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Inheritance of Resistance in Cabbage to Black Rot. P. H. Williams, Professor, Department of Plant Pathology, University of Wisconsin, Madison 53706; T. Staub(2), and J. C. Sutton(3). (2)Graduate Research Assistant, Department of Plant Pathology, University of Wisconsin, Madison 53706; and (3)Assistant Professor, Department of Environmental Biology, University of Guelph, Guelph, Ontario, Canada. Phytopathology 62:247-252. Accepted for publication 8 September 1971. DOI: 10.1094/Phyto-62-247.

The Japanese cabbage cultivar, Early Fuji, known to have a high level of black rot resistance, was used as the source of resistance. Resistant lines were crossed to different susceptible inbred lines, and F1, F2, and backcross populations were screened during artificial black rot epidemics in the field. The only symptoms on resistant plants were necrotic hydathodes or necrotic marginal interveinal lesions, whereas the lesions on susceptible plants were v-shaped and surrounded by an expanding chlorotic zone. Black rot resistance was found to be controlled by one major gene, f, the expression of which in the heterozygous condition was influenced by one recessive and one dominant modifier gene. Of 300 cultivars and inbred cabbage lines screened for resistance to Xanthomonas campestris, none contained the major f gene for resistance found in Early Fuji. Among the 300 lines, reactions to X. campestris ranged from a highly tolerant lesion type with small, slowly spreading chlorotic margins, to those with highly susceptible systemic necrosis. Black rot reactions were classified from 1 to 5 in order of disease severity. All F1 hybrid cultivars produced in the USA were highly susceptible to X. campestris; however, a number of Japanese hybrids were tolerant. Among a number of open-pollinated cultivars grown in the USA, particularly the ballhead types, individual plants showed high tolerance to black rot.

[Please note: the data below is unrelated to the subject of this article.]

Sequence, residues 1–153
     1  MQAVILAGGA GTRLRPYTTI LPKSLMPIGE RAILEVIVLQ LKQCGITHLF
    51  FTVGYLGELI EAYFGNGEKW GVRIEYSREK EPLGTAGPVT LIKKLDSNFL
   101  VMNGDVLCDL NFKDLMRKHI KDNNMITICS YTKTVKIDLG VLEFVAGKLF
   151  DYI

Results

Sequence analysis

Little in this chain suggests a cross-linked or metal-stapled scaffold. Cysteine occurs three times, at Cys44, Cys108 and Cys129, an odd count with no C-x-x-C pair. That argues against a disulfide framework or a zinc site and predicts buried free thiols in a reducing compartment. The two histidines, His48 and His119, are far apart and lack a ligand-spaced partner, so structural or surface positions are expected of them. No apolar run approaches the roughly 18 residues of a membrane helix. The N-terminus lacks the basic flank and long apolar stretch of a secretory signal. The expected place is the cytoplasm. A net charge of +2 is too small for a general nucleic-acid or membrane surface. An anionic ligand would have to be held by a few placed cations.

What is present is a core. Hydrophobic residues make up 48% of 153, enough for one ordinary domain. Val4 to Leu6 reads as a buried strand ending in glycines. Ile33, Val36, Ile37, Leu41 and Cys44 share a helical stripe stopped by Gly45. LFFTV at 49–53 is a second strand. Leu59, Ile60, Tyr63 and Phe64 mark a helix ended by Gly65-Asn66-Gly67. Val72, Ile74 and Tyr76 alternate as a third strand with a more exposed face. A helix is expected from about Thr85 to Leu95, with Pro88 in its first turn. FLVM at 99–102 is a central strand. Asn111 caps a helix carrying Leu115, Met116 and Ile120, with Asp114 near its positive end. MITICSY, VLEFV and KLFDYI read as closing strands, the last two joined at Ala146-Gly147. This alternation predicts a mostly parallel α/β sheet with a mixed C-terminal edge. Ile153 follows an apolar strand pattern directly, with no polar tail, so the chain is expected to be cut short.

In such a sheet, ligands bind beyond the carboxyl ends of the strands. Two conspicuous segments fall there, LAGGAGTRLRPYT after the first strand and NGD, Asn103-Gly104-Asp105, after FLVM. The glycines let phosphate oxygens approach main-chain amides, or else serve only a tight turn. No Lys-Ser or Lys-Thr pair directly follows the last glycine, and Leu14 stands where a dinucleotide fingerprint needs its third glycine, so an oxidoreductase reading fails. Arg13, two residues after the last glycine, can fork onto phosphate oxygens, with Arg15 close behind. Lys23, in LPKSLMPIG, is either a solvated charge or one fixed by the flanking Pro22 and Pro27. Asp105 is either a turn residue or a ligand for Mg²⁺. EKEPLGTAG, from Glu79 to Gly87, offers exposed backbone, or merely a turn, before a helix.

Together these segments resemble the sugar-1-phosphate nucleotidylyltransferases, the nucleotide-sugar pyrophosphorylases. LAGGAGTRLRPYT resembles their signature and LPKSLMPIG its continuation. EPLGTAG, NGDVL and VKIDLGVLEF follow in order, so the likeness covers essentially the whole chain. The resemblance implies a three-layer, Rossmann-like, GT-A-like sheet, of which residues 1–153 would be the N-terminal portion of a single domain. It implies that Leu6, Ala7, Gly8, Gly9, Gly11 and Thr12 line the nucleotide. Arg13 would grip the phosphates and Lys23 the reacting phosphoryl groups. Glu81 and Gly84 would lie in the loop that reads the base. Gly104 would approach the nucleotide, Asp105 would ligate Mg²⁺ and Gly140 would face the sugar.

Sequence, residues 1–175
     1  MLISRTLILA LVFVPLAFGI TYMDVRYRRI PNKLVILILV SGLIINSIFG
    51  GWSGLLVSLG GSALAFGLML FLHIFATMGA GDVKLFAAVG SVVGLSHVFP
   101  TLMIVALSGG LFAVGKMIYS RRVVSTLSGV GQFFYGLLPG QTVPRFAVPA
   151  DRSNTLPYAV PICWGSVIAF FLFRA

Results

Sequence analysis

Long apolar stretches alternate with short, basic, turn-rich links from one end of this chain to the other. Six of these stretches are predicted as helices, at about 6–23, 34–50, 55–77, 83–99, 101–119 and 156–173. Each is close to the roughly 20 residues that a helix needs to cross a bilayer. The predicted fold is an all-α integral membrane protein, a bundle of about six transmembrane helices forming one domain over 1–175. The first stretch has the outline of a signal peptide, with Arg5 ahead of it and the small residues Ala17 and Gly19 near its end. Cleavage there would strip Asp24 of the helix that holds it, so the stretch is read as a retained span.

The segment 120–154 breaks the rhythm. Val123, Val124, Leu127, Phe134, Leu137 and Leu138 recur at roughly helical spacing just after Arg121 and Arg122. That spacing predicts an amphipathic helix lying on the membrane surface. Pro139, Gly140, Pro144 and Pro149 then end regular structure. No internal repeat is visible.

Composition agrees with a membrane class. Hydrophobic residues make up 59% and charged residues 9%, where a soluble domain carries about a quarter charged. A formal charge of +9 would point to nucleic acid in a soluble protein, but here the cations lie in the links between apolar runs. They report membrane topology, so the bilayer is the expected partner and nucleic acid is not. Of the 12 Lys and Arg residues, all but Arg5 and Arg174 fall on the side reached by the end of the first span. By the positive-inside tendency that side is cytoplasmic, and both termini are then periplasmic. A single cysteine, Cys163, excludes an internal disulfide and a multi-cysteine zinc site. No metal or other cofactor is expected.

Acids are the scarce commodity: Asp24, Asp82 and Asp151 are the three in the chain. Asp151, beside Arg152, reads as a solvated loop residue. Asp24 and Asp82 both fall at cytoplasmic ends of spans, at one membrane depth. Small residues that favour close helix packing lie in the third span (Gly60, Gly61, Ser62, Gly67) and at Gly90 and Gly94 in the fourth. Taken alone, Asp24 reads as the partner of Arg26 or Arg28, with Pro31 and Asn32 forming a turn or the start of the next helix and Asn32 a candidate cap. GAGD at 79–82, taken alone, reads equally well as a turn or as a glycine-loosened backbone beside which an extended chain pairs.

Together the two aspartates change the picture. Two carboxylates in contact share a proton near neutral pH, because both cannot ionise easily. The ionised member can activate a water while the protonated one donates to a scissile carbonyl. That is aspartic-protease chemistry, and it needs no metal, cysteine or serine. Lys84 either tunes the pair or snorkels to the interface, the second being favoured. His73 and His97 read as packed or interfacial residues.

Additional keywords: genetics, Brassica oleracea, resistance screening.